We’ve seen the studies and read the headlines telling us that fish oil is good for our overall health.
We know that the omega-3s in fish oil help reduce inflammation, the number one cause of most preventable conditions.
And we definitely understand the importance of only taking high-quality supplements to avoid harmful toxins and pollutions, either found in naturally in the fat deposits of “feeder” fish or in untested fish oils.
So…how does what we know about fish oil apply to children?
Given what is already known about the importance of fish oil health and a proper balance of omega-3s for grown ups, it is clear that a lack of these essential fatty acids can have a dramatic influence on the development of a child.
First, the most important thing to realize is that the effects of fish oil on children are evident well before they’re ever born. Take the role of Docosahexaenoic Acid (DHA) for instance. This component is one of the major omega-3s found in fish oil, and is absolutely essential for the development of a healthy child. I’ll explain…
Beginning with the third trimester a baby’s brain grows rapidly. During this time, baby begins adding 250, 000 neurons every minute! This increase in brain development, what scientists call ‘neurogenesis’, depends on DHA in much the same way as a fuel. Because baby cannot independently create DHA, mom will have to share hers. Unless she is supplementing with fish oil, baby will use up all her reserves, leaving her with a deficit and depriving her of the essential fatty acids necessary for her own health and wellbeing.
Second, omega-3 intake is linked to how long baby is in the oven, or what doctors like to call ‘gestation’. Why is this important? DHA makes up 15-20% of the cerebral cortex and 30- 60% of the retina so it is absolutely necessary for normal development of the fetus and baby. Because the last trimester of pregnancy is a critical period for the accumulation of DHA in the brain and retina, preterm infants are thought to be particularly vulnerable to adverse effects of insufficient DHA on visual and neurological development.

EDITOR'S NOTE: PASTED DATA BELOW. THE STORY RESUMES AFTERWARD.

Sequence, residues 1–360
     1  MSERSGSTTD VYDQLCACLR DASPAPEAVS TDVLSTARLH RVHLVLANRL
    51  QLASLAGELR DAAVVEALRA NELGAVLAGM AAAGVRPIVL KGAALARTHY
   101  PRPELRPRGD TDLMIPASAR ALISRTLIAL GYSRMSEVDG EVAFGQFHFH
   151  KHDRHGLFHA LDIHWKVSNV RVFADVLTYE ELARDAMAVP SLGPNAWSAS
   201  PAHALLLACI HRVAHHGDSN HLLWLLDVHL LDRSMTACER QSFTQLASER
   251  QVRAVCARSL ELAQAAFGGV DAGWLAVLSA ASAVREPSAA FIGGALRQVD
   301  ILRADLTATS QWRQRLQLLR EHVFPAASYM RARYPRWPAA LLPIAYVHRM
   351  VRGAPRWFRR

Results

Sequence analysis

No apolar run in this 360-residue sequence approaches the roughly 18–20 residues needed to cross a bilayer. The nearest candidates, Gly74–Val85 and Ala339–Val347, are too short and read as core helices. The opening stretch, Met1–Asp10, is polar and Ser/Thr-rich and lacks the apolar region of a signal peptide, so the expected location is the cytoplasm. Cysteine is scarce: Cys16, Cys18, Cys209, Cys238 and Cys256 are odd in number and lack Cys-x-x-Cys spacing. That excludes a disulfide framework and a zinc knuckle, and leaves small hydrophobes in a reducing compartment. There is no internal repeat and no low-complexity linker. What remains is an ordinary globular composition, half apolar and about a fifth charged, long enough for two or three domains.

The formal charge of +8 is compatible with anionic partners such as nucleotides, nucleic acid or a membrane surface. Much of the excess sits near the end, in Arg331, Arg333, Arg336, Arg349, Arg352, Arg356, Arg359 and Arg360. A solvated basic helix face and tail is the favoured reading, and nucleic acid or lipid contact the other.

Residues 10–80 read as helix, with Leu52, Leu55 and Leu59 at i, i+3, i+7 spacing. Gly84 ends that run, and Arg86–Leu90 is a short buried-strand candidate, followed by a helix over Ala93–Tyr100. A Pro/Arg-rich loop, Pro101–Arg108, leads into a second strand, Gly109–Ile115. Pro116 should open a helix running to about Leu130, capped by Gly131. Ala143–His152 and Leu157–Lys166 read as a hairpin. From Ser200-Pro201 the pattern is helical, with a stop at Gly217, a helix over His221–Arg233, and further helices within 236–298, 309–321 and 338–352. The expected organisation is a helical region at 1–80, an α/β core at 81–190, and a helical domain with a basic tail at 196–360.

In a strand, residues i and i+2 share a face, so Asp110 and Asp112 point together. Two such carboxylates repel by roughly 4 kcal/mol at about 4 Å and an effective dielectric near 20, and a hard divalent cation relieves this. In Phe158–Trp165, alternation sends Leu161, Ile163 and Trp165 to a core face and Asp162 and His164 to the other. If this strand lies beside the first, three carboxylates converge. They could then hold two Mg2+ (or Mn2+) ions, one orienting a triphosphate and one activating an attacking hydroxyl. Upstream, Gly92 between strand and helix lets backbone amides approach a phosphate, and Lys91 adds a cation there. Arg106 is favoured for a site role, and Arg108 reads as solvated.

According to a study published in the journal of Epidemiology, results show that women with higher-risk pregnancies can prolong gestation through omega-3 supplementation.
Bear in mind, what mom consumes while pregnant so does baby. Assuming she is supplementing with fish oil, the baby is receiving more benefits than brain food and there’s good scientific literature to suggest these benefits go a long way.
On the one hand, very early deficiencies in DHA and EPA (another important omega-3) may result in lower serotonin levels at critical periods of the child’s brain development3. In fact, findings4 published in the European Journal of Pediatrics say the research is so compelling that omega-3 deficiencies are better thought of in terms of actual risk factors for brain development disorders.
On the other hand, one recent study published in the Journal of Pediatrics found that the positive effects from fish oil supplementation during pregnancy can can be seen in the child for up to 3 years of age.
OK, you get it…Fish oil makes better babies. What about better children?
5 Areas Where Fish Oil Makes Better Children:
- ADD & ADHD
- Learning Disabilities
- Autism & Developmental Disorders
- Depression & Mood
- Allergies & Respiratory Problems
ADD & ADHD. There is growing evidence suggesting that Fish Oil Improves Behavior of Children, Improves Concentration and Parent Bonding. In addition, children with ADD/ADHD may have low levels of certain essential fatty acids (including EPA and DHA). In fact, a clinical study published in the Journal of Attention Disorders analyzed nearly 100 boys age 8-18. The researchers found that those with lower levels of omega-3s demonstrated more learning and behavioral problems (such as temper tantrums and sleep disturbances) than boys with normal omega-3 levels.